This is BrainLog, a blog by Dan Sanderson. Older entries, from October 1999 through September 2010, are preserved for posterity, but are no longer maintained. See the front page and newer entries.

February 2003 Archives

February 28, 2003

Red Dwarf is out on DVD in the U.S.! As of February 25th, seasons one and two of this essential British sci-fi sitcom have a region 1 release with commentary tracks by Chris Barrie, Craig Charles, Danny John-Jules and Norman Lovett, commentary on the first episode from Rob Grant, Doug Naylor and Ed Bye, a documentary, interviews, a Japanese episode (?), "Tongue Tied: The Uncut Version," and much more, all on 4 discs. Pre-release news of this one slipped past me, but thanks to Amazon recommendations, it's on its way. :)

Glen A. Larson is the man behind a bunch of famous TV shows, including Battlestar Galactica, Buck Rogers in the 25th Century, Magnum P.I., and, of course, Knight Rider. It was actually a recent (failed) attempt to get into Battlestar Galactica, and not my continuing obsession with Knight Rider, that led me to his IMDb entry, but I can't help but notice an entry for Super Knight Rider 3000 at the top of his list, registered as in production. Counting Down, VideoETA, and this BBC article imply Hasselhoff and Daniels are both involved. The EZ Review [warning: annoying deep-link prevention] seems to have the best info so far: Revolution Studios (who did xXx) bought the rights and intends for a big-screen premiere in 2004.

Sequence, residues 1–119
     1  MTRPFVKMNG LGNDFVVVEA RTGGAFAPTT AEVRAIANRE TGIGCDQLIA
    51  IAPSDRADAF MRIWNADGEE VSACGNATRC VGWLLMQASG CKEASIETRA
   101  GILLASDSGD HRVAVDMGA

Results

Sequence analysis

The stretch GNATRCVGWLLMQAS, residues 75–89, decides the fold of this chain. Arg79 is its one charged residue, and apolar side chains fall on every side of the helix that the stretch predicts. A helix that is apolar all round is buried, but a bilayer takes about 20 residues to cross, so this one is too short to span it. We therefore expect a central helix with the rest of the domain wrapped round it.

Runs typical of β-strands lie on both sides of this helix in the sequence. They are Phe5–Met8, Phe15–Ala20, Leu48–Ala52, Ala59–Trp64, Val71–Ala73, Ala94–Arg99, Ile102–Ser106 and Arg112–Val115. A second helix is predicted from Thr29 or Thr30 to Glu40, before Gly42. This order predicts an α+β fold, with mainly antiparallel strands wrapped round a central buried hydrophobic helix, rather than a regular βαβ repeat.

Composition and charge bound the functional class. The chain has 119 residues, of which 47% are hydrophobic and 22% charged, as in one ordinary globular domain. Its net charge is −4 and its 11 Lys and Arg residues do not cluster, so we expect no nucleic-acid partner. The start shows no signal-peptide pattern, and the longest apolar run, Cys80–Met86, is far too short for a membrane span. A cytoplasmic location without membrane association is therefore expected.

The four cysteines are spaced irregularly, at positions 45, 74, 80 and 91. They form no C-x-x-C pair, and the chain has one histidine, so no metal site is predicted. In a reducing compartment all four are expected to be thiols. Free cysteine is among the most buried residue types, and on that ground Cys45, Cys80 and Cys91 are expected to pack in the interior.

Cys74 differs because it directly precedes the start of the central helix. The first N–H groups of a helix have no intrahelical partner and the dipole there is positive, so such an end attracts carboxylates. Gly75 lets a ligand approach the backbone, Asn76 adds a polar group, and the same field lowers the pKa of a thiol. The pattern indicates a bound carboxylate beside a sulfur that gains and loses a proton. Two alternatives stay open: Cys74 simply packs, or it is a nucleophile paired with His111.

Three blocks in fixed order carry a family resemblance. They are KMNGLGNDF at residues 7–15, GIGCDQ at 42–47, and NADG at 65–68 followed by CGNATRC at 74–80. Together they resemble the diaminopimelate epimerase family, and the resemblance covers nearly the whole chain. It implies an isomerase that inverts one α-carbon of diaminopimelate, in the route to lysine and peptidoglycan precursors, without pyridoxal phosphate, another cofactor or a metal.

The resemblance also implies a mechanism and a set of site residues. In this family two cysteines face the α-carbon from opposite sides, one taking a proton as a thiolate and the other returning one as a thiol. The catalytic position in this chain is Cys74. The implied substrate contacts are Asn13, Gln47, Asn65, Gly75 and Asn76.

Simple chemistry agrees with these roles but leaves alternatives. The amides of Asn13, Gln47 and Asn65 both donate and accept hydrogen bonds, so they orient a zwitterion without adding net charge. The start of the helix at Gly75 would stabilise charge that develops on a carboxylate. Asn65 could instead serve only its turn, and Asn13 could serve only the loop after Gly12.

Greg Costikyan has a review of a new kind of massive multiplayer game: A Tale in the Desert. Pushes the envelope of MMG design, free for the first month and it has an official Linux client? Ooh...

First, there is no combat in ATitD. None. Not PvP, and not PvE either. Okay, fine. So what do you do instead?

You grow flax...

Dull, right?

Well no, not really; for one thing, flax is beautiful, nice purple flowers. And the process--plant, water, watch the beds like a hawk because you have only a few seconds after weeds sprout to weed the beds, or the plants go to seed, harvest--happens relatively quickly, and is at least as interesting as attacking a gnoll, then sitting back for twenty seconds while the chat line tells you how much damage you do and take, then clicking on the treasure to pick it up. In other words: When you come down to it, MMG combat is pretty dull, too, because you don't really do much other than decide what to attack, when to flee, and occasionally what spell or special combat skill to use. There's at least as much interactivity, and at least as much interesting 3D animation, in growing flax as in fighting an MMG battle. The fundamental secret of game design isn't "violence sells," whatever the critics of games might think; it's "give players interesting stuff to do."

Another review, from MassiveMultiplayer.org.

And from the official game FAQ:

The ancient Egyptians wrote about Seven Disciplines of Man: Leadership, Thought, The Human Body, Architecture, Worship, Conflict, and Art. They believed that if a man could achieve perfection in all seven, he'd live forever.

A Tale in the Desert centers around the tests, which measure your skill in the seven disciplines. They don't measure your character's abilities --- they measure your abilities. That's a big difference. For example, to advance in leadership, you'll actually need to be able to convince people to do things. To advance in conflict, you'll need real tactical and strategic ability. To advance in art, you'll need artistic talent.

All of the tests share one thing in common: your goal is to affect your fellow players. In conflict, you must defeat them. In architecture, you must outbuild them. In worship, you must coordinate them. No matter the discipline, passing a test revolves around other players.